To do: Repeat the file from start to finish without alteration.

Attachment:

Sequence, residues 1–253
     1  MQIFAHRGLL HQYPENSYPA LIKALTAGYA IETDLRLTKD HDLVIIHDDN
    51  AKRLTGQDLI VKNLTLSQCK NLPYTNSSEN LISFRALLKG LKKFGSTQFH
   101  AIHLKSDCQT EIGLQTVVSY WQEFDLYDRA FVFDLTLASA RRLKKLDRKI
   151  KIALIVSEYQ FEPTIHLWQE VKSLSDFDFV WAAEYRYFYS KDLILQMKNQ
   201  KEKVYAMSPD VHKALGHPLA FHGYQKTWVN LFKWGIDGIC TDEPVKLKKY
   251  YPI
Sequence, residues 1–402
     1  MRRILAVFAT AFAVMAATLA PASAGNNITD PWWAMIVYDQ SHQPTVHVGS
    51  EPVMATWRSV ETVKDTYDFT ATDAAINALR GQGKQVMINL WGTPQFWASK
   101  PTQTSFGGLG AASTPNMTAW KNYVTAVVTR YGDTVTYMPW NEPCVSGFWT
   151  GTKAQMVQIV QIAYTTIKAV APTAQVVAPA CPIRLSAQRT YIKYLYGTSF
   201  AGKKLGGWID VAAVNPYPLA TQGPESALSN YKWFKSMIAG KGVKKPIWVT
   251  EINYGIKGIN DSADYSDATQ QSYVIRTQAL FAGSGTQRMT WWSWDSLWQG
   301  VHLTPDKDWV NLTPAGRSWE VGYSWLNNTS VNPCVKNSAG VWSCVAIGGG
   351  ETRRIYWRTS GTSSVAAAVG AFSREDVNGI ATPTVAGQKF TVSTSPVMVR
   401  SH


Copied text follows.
Sequence, residues 1–253
     1  MQIFAHRGLL HQYPENSYPA LIKALTAGYA IETDLRLTKD HDLVIIHDDN
    51  AKRLTGQDLI VKNLTLSQCK NLPYTNSSEN LISFRALLKG LKKFGSTQFH
   101  AIHLKSDCQT EIGLQTVVSY WQEFDLYDRA FVFDLTLASA RRLKKLDRKI
   151  KIALIVSEYQ FEPTIHLWQE VKSLSDFDFV WAAEYRYFYS KDLILQMKNQ
   201  KEKVYAMSPD VHKALGHPLA FHGYQKTWVN LFKWGIDGIC TDEPVKLKKY
   251  YPI
Sequence, residues 1–402
     1  MRRILAVFAT AFAVMAATLA PASAGNNITD PWWAMIVYDQ SHQPTVHVGS
    51  EPVMATWRSV ETVKDTYDFT ATDAAINALR GQGKQVMINL WGTPQFWASK
   101  PTQTSFGGLG AASTPNMTAW KNYVTAVVTR YGDTVTYMPW NEPCVSGFWT
   151  GTKAQMVQIV QIAYTTIKAV APTAQVVAPA CPIRLSAQRT YIKYLYGTSF
   201  AGKKLGGWID VAAVNPYPLA TQGPESALSN YKWFKSMIAG KGVKKPIWVT
   251  EINYGIKGIN DSADYSDATQ QSYVIRTQAL FAGSGTQRMT WWSWDSLWQG
   301  VHLTPDKDWV NLTPAGRSWE VGYSWLNNTS VNPCVKNSAG VWSCVAIGGG
   351  ETRRIYWRTS GTSSVAAAVG AFSREDVNGI ATPTVAGQKF TVSTSPVMVR
   401  SH